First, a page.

Denise Baxter, who runs the Ashland Artisan Gallery & Art Center in a cramped 900-square-foot space at 163 E. Main St., would like to transform the empty Provost building just up the street into an art center with a gallery, working studios, community classrooms and space where artists could learn about the business of art.
The public is invited to an open house to tour the inside of a downtown building that local artist Denise Baxter hopes to transform into a nonprofit art center.
The open house is scheduled from 3 to 8 p.m. on Friday in the Provost building, 357 E. Main St. It will include family-friendly art projects.
Baxter runs the Ashland Artisan Gallery & Art Center in a cramped 900-square-foot space at 163 E. Main St.
She would like to transform the empty Provost building just up the street into an art center with a gallery, working studios, community classrooms and space where artists could learn about the business of art. The 9,000-square-foot building once housed the Ancient of Days' Gallery, which sold antiques.
Baxter envisions professional artists as well as the general public creating art at the center.
"You can walk off the street with your grandchild and make pottery," Baxter said.
Working with architect Matt Small and developer Ed Bemis, she recently secured permits from the city that will allow her to remodel the building. Changes would include new bathrooms and making the building wheelchair accessible.
Baxter hopes to raise $150,000 in community donations and $100,000 in grants in order to get the art center open and running. She also is seeking in-kind donations of services and items for the center.
ScienceWorks Hands-On Museum already has donated a kiln, she said.
Whether Baxter can raise enough money in today's economic climate remains an open question.
"That's one of the biggest questions people are asking. Why are we doing this at this time? I don't think we'd have an opportunity to occupy a space on Main Street at any other time," she said.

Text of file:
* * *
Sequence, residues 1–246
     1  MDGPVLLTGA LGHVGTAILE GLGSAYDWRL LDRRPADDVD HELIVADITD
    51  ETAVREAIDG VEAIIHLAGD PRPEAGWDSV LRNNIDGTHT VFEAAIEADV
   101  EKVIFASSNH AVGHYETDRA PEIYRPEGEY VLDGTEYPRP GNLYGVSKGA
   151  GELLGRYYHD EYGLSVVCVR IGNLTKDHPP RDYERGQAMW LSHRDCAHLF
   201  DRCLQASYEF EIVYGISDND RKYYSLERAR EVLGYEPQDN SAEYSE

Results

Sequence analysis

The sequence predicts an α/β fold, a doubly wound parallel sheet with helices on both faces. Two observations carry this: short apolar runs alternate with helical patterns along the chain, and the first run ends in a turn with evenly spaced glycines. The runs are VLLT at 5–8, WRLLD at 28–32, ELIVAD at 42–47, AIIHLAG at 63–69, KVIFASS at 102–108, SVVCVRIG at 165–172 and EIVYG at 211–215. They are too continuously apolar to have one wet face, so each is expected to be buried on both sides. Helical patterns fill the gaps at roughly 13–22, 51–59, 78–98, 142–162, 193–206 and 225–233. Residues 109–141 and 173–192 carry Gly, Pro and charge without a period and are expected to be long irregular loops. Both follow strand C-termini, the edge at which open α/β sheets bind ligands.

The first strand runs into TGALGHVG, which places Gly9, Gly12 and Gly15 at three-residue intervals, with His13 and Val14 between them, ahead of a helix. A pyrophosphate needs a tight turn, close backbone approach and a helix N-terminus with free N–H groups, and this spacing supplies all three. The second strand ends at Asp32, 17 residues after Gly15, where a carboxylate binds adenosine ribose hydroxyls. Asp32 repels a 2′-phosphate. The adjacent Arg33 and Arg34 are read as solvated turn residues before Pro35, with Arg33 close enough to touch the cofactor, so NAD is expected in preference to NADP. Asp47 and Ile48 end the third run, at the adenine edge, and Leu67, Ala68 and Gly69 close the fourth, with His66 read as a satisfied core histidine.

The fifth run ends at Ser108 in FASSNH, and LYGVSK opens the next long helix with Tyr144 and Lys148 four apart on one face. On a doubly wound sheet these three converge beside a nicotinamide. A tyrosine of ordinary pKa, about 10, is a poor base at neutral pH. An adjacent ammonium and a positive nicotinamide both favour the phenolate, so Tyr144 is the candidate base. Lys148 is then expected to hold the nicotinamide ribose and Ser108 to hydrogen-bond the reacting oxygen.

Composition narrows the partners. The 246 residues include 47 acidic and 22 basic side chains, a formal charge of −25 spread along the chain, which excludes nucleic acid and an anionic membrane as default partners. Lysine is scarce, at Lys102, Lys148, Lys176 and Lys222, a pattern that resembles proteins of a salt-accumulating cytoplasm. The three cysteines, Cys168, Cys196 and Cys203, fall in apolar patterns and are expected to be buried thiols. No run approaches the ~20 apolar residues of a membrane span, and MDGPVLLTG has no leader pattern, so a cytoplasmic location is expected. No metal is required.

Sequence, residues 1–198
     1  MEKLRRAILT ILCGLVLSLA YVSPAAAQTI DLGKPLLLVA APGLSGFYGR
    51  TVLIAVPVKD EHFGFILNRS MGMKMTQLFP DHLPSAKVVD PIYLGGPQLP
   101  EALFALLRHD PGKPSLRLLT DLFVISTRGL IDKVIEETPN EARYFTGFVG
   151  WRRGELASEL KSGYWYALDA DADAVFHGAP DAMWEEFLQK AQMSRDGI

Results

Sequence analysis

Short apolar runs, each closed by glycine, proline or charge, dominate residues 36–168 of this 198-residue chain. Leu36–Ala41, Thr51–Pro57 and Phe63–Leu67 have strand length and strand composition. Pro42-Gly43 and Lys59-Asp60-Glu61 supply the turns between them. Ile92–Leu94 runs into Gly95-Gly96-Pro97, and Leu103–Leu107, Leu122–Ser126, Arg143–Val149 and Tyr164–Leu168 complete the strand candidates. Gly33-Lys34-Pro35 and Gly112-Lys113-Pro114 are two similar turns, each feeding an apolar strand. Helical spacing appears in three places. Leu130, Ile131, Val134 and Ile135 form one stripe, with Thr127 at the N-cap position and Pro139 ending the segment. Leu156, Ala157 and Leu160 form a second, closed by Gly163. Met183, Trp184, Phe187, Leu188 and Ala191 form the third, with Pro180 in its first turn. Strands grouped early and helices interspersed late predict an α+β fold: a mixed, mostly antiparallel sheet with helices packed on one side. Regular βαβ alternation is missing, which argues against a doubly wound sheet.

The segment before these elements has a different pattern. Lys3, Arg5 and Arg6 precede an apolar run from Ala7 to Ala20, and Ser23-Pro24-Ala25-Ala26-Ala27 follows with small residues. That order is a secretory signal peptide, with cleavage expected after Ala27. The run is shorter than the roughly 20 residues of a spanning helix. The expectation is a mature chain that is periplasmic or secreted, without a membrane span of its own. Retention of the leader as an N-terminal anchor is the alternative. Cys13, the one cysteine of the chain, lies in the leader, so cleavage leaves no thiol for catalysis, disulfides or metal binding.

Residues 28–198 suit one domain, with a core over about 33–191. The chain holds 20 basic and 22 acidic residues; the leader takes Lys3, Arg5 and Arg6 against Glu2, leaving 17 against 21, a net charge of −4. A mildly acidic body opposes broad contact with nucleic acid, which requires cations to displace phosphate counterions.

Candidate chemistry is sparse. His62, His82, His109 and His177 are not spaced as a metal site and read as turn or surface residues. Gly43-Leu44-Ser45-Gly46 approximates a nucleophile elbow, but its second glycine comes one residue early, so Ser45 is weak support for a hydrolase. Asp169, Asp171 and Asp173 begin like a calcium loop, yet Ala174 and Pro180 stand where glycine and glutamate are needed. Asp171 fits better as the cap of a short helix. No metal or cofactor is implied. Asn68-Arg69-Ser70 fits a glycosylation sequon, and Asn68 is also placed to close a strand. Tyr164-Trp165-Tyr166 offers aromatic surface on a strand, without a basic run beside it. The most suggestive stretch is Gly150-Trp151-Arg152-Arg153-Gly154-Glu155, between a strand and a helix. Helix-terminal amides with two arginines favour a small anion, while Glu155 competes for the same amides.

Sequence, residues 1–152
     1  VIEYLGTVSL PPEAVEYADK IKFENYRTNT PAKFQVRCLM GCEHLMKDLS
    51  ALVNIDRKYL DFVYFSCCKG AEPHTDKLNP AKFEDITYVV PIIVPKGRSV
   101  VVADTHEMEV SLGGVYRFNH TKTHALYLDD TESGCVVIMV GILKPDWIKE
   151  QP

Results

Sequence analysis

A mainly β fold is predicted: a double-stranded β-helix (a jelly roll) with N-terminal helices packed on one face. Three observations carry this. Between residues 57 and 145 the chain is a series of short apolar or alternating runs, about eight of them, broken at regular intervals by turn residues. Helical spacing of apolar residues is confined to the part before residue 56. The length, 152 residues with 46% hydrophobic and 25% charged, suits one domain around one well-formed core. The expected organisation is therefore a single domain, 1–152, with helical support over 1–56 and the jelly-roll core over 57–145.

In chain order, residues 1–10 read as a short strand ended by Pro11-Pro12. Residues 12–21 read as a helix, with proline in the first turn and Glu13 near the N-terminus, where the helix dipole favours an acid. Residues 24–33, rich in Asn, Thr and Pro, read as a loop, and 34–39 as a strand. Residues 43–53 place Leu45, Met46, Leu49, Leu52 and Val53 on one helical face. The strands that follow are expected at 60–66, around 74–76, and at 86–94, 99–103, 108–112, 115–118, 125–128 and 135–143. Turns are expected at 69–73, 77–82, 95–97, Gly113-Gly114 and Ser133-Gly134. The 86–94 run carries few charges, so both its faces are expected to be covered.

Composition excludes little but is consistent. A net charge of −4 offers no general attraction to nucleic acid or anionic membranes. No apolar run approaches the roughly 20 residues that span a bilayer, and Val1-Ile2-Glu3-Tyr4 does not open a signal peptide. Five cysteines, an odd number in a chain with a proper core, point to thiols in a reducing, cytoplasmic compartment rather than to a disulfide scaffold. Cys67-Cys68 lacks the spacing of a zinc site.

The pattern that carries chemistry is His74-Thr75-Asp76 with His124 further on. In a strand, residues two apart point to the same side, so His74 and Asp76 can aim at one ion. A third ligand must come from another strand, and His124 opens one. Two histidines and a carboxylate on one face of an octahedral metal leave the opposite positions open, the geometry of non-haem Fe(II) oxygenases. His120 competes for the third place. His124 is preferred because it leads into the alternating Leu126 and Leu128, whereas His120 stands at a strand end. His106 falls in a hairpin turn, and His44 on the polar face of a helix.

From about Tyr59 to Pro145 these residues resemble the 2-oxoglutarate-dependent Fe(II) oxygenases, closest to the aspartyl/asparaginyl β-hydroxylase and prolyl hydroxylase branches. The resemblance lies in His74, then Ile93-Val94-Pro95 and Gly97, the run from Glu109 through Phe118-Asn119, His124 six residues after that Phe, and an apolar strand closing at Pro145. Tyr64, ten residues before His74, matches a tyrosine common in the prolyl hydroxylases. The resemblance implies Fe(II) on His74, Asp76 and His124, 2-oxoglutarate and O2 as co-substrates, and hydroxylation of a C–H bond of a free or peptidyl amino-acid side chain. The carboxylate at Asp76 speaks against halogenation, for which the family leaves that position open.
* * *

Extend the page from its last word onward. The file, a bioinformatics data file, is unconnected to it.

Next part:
Baxter said nonprofit art centers like the one she envisions can have a tremendous positive economic impact on communities.
The building's owner, Greg Provost, is donating use of the space for two months so that Baxter can hold events, she said.
In addition to the open house Friday, the building will open for a Toyland display of children's art and adults' toy-themed sculptures from 3 to 8 p.m. on Dec. 17 and from 3 to 8 p.m. on Dec. 18.
There will be a Toyland reception and auction from 5 to 8 p.m. on Dec. 19, featuring family-friendly art projects, refreshments, live music and silent and live auctions.
Baxter will be working with elementary school children to make the kids' art. That art will not be for sale.
The toy-themed sculptures made by adults will be auctioned off. An adult who submits a toy sculpture can choose to donate all of the auction sale amount for the art center or keep up to 40 percent of the amount.
Adult artists must be members of Baxter's Ashland Gallery & Art Center at 163 E. Main St. to submit toy sculptures. Non-members can join by paying a reduced annual fee of $35 and submitting a sculpture. The annual fee is normally $50.
For more information on joining, contact Catie Faryl at 535-1854 or firstname.lastname@example.org.
Members of the art center are invited to a private event in the Provost building with guided tours, refreshments and a discussion about the art center from 6 to 8 p.m. Friday, the night of the public open house.
Staff writer Vickie Aldous can be reached at 479-8199 or email@example.com.
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